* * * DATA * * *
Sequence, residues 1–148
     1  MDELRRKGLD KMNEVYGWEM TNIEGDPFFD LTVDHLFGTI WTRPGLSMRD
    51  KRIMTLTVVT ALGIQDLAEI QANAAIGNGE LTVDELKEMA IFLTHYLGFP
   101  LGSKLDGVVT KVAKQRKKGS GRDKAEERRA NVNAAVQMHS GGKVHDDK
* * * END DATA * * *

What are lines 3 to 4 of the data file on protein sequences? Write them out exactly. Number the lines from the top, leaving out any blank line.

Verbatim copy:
    51  KRIMTLTVVT ALGIQDLAEI QANAAIGNGE LTVDELKEMA IFLTHYLGFP
   101  LGSKLDGVVT KVAKQRKKGS GRDKAEERRA NVNAAVQMHS GGKVHDDK